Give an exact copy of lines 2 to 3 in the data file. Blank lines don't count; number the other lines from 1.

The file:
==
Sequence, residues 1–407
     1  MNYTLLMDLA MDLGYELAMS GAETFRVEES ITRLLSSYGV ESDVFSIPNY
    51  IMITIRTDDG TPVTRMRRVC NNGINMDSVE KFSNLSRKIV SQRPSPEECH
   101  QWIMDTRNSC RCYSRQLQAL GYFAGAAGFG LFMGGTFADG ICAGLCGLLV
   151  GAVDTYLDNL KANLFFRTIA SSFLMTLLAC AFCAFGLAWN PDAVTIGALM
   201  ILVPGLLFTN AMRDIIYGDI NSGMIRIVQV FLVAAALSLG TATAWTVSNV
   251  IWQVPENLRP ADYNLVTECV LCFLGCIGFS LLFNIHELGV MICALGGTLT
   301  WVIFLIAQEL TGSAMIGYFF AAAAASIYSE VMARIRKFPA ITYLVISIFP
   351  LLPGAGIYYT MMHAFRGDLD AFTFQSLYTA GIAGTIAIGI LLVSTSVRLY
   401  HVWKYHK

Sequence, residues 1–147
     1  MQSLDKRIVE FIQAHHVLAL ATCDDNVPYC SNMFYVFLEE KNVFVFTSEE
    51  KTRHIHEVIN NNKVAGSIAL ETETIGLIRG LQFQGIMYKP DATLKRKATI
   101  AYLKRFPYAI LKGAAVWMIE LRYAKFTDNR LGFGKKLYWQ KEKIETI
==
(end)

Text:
     1  MNYTLLMDLA MDLGYELAMS GAETFRVEES ITRLLSSYGV ESDVFSIPNY
    51  IMITIRTDDG TPVTRMRRVC NNGINMDSVE KFSNLSRKIV SQRPSPEECH